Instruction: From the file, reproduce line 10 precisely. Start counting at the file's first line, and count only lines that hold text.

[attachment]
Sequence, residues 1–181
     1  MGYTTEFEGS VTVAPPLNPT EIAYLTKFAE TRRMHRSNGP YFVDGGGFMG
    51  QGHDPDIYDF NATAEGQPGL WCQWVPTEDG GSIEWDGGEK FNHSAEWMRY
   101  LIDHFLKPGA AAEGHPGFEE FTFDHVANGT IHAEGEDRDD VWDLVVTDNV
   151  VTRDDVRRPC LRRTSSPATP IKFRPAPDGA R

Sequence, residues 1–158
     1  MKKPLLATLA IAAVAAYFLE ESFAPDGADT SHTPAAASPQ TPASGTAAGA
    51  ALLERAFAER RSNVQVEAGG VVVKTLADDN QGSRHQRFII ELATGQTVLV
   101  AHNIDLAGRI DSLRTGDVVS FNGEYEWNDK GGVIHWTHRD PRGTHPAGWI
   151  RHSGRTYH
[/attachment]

   151  RHSGRTYH